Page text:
The Mom’s Beat: Children are natural environmentalists

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Twitter party hosted by PBS Kids offers new ideas for exploring outdoors

 “Kids these days!” It’s a complaint as old as time.

While there are times you will catch me saying the same thing (especially after seeing teenage girls walking around in yoga pants at school), I actually find a ton of hope in this generation of caring and conscientious children, particularly each year when we celebrate Earth Day on April 22.

Without a doubt, "kids these days" are being raised to be more aware of the lasting impact they make in their communities, as well as on a global scale. And the great news is that they are naturals at it.

They already know the importance of recycling nearly everything, reusing items and conserving water, topics that are introduced early in the educational experience. Even toddlers  normally a selfish bunch by default  are learning to think outside of their worlds. These experiences teach them that they matter and that their choices in the larger world carry weight. Good life lessons as well as good Earth lessons. 

  Submitted/Soles4Souls organization Submitted/Soles4Souls organization

Thankfully now it’s also now cool to be earthy as they get older too. Older students are learning all sorts of ways to help Mother Earth in school clubs and classrooms across the country. They are learning how to be creative thinkers and problem solvers through wind energy projects and computer programs that track energy conservation.

They are also becoming aware of what happens to their personal items after they are finished with them. Several area schools participate in Souls4Soles, a charitable organization that collects used shoes and finds new homes  and feet  for them in impoverished areas around the world.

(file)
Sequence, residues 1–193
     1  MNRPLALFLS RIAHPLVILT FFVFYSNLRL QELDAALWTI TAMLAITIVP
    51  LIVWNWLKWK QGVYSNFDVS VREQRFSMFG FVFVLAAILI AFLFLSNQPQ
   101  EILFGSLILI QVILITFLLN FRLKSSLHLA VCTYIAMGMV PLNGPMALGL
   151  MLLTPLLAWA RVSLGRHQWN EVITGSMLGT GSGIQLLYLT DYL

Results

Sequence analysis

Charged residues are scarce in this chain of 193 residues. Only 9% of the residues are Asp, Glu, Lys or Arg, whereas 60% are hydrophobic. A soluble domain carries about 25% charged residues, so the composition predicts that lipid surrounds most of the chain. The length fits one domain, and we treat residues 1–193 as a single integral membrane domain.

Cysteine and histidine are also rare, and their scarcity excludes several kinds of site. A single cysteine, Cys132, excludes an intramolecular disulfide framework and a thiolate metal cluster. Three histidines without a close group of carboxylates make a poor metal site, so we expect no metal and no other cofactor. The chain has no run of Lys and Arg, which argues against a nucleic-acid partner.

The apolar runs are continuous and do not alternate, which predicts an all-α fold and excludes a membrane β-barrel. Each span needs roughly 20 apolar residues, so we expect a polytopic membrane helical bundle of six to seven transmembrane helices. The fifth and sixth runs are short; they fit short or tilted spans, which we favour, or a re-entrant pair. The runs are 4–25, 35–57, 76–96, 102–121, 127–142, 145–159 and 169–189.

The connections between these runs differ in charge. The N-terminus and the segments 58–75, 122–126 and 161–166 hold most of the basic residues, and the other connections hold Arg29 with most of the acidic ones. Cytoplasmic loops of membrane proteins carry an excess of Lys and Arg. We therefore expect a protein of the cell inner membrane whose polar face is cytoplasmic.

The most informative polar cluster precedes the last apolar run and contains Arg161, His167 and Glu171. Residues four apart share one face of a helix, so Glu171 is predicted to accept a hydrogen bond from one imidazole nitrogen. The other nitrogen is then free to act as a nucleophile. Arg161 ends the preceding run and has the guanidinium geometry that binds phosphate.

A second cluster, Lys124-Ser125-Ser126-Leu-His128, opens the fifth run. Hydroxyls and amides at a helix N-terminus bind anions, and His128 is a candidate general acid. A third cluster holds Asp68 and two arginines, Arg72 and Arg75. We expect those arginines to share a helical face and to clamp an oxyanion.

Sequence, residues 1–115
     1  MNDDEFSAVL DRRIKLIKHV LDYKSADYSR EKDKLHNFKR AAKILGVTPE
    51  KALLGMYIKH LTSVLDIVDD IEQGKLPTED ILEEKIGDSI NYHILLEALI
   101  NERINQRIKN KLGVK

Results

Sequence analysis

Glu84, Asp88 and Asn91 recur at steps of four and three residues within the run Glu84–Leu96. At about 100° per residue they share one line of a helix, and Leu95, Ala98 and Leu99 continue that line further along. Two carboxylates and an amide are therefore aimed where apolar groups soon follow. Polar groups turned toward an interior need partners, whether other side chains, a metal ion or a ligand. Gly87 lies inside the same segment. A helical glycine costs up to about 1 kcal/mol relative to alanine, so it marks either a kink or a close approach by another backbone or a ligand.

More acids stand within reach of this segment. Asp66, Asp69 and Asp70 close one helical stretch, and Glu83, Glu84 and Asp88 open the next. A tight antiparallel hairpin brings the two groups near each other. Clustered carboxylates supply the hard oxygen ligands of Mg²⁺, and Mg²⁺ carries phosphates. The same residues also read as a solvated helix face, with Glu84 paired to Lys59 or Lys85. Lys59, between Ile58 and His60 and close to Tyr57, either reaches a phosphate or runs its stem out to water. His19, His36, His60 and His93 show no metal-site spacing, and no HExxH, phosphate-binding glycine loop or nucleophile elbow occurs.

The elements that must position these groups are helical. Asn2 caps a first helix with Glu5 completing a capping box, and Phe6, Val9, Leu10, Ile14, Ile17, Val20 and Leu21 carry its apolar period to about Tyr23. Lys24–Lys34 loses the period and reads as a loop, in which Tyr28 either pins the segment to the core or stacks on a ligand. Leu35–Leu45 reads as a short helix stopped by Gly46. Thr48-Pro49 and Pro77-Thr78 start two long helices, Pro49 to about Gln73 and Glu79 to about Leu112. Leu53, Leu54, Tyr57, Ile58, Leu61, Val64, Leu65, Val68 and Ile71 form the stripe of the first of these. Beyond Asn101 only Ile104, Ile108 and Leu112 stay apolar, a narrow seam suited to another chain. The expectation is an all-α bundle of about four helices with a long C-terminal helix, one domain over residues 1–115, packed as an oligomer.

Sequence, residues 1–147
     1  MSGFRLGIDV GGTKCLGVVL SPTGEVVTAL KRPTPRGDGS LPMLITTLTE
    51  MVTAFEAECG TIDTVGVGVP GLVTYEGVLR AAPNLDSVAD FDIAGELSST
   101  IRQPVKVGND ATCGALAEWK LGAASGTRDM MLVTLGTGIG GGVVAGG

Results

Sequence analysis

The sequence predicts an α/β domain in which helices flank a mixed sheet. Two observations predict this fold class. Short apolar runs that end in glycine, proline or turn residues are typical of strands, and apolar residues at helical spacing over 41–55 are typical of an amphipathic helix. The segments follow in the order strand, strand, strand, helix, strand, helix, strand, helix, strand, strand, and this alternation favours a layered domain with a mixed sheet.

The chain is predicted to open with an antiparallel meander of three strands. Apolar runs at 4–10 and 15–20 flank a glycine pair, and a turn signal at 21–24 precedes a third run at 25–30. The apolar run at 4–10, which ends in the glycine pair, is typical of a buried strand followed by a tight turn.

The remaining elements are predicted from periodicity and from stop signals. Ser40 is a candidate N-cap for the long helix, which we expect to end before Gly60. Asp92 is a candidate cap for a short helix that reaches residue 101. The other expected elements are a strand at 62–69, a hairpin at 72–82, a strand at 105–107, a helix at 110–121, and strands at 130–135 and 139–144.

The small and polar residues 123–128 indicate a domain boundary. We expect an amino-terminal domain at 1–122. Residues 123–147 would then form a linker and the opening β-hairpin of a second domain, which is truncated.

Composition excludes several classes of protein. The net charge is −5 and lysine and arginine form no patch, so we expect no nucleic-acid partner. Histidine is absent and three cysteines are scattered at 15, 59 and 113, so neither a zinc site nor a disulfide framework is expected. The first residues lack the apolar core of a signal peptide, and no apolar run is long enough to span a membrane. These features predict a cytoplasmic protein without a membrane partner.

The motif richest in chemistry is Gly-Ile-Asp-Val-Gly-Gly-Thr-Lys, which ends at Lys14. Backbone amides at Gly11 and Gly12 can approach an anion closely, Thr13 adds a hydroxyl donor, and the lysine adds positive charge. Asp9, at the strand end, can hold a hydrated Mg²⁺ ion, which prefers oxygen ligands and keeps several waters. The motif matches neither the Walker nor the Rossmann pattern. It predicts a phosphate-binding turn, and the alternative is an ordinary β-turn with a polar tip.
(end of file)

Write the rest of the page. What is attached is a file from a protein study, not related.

Schools do a great job of educating children on these topics, but sometimes the parents lack the time to come up with ideas to extend the learning at home, so the National Recreation and Park Association partnered with PBS Kids this month to offer resources to teachers and parents about Earth Day activities and to encourage families to “explore the outdoors.”

“Connecting children with nature is important to their mental, physical and emotional development. Children who spend time outdoors do better in science, get more physical exercise and grow up to be environmental stewards," reads the mission statement. "Research led by environmental psychologist Nancy Wells show that children with more exposure to nature have reduced stress levels and longer attention spans.”

The partnership also led a Twitter discussion last week on ways to extend the Earth Day learning for children at home (Catch up on it at #PBSExplore).

The panelists asked participants what their children have learned from the outdoors, what ways art can blend with nature, and other open-ended inquiries.

I contributed some ideas from activities I have seen while covering schools and community events for the newspaper, and also learned from the other participants, who ranged from parent bloggers to experts from Plum Landing, a PBS Kids website and media project that uses "webisodes, games and activities to help 6- to 9-year-olds see their planet in a whole new perspective.”

Here are some ideas for you to share with your families:

Courtesy of ShelSilverstein.com Courtesy of ShelSilverstein.com

1. 50th Anniversary of "The Giving Tree:" This year marks 50 years that this iconic book has been shared by parents and their children. Gather your kids under your favorite tree and read this beautiful story by Shel Silverstein. Discuss all of the ways trees contribute to our lives and ways we can help take care of them in return.

2. Don’t be afraid of the weather (via Plum Landing): Grab an umbrella and bundle up and get outside with the kids. On rainy days, look on sidewalks for earthworms or slugs. Roll rocks and logs to see what is living underneath. On snow days, watch for animal tracks. See where they came from and where they are headed.


Courtesy of PBS/Sunprints Courtesy of PBS/Sunprints

3. Make sun prints (via PBS): Order sun art paper and collect interesting items from outdoors to make natural prints that are frame-worthy. Get directions HERE.

4. Stay outside after the sun goes down: Download a Star Map app on your smart phone. Grab a blanket and lay under the stars on a clear night to view the constellations. It’s an amazing activity for both children and adults.

For printable activities, go to http://www.nrpa.org/PBS-KIDS/.

 

PBS Kids PBS Kids

Laura Stetser is a full-time reporter and mother of two school-age children. Connect with her via email at  This e-mail address is being protected from spambots. You need JavaScript enabled to view it . Follow her on Facebook and Twitter @TheMomsBeat.

 


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